“Rockland's commitment to this project demonstrates the viability of the Stephentown plant and highlights the need to continue to make investments in innovative, commercially viable projects that can help America compete for the clean energy jobs of tomorrow,” Energy Department spokesman Damien LaVera said in a statement.
Beacon filed for bankruptcy in October about a month after Solyndra, the California solar panel firm that received a $535 million loan guarantee in 2009, collapsed. The Beacon bankruptcy exacerbated Republican claims that the Energy Department didn’t adequately vet projects before doling out loan guarantees.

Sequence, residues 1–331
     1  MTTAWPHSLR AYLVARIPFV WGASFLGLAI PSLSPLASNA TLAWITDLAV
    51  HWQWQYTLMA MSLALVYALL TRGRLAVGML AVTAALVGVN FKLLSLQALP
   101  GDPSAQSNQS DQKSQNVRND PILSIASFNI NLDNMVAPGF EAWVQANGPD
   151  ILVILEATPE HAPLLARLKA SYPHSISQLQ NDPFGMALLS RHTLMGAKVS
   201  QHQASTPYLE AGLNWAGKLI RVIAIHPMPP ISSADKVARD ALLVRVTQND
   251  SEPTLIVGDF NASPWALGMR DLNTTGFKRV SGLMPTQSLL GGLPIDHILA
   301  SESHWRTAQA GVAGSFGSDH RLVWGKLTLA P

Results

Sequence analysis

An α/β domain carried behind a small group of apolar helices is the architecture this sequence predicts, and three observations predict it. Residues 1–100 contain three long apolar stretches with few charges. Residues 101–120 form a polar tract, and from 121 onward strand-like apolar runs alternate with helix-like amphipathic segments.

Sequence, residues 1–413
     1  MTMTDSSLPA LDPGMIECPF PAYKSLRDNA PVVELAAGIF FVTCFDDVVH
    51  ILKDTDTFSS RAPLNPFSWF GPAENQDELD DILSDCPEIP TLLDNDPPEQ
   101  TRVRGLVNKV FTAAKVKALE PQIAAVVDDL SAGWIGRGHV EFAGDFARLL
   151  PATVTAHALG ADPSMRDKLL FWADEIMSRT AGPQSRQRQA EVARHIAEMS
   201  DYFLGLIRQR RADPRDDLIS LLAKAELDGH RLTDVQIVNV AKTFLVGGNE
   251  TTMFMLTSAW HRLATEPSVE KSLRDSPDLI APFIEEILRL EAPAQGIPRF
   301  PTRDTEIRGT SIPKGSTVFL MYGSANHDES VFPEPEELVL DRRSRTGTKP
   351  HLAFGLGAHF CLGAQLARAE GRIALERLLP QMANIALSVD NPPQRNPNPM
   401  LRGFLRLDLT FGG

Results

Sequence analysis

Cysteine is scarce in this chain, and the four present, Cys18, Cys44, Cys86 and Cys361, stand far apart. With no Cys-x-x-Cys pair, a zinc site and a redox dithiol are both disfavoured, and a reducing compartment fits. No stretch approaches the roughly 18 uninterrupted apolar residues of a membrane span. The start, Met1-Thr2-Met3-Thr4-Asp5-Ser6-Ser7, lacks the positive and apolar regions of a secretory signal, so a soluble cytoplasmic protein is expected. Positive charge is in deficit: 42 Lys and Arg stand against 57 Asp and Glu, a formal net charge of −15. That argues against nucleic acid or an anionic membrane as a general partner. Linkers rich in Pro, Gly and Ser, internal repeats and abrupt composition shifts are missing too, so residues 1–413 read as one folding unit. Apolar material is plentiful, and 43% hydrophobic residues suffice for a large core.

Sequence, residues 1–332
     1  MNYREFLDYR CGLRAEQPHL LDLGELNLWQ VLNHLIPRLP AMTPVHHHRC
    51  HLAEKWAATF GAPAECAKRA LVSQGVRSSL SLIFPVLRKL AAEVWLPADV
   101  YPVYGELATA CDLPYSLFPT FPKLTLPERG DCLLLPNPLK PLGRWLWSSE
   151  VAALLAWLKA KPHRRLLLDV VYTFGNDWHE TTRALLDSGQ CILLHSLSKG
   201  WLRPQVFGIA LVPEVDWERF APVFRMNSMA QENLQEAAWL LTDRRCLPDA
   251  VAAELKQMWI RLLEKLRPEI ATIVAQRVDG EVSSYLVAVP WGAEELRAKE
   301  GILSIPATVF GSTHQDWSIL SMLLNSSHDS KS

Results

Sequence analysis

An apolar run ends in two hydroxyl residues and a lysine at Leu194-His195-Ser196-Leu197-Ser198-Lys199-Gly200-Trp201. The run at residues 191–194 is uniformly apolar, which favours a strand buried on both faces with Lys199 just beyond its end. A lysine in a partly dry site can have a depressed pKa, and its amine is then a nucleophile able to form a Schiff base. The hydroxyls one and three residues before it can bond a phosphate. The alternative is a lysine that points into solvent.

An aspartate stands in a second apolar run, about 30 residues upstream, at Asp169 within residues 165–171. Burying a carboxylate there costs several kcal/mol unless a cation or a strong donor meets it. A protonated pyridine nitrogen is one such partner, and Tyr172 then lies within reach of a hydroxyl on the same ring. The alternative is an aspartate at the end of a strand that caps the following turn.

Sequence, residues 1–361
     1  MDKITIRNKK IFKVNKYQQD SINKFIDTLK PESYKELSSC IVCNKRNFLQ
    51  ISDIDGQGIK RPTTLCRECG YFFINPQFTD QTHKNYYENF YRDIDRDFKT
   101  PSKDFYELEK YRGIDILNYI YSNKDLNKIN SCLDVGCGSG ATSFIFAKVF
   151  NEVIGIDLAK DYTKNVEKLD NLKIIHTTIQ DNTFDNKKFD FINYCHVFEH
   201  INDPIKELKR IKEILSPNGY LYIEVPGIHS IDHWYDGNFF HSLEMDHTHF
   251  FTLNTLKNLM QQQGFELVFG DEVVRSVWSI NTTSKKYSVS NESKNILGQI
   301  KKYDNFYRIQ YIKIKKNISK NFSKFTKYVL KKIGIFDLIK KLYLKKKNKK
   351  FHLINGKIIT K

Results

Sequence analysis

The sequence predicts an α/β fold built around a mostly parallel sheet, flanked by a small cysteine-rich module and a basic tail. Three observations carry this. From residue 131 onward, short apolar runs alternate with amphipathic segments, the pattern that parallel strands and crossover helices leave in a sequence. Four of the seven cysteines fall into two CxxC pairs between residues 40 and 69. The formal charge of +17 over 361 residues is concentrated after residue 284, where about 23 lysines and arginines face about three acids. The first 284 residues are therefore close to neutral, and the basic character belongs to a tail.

But Monday’s agreement is good news for the Energy Department, which continues to come under fire from House Republicans investigating the Solyndra loan guarantee.
LaVera said that the agreement validates the department’s decision to support Beacon’s Stephentown plant.
“Rockland Capital’s bid to buy Beacon Power and its Stephentown subsidiary for $30.5 million reaffirms what we have consistently said about this project,” he said. “The Stephentown plant is an innovative project that was successfully completed on time and is now generating revenue.”
House Energy and Commerce Committee Republicans have vowed to continue investigating the Energy Department’s loan guarantee program, and have promised to expand the probe from Solyndra to other loan guarantee recipients like Beacon.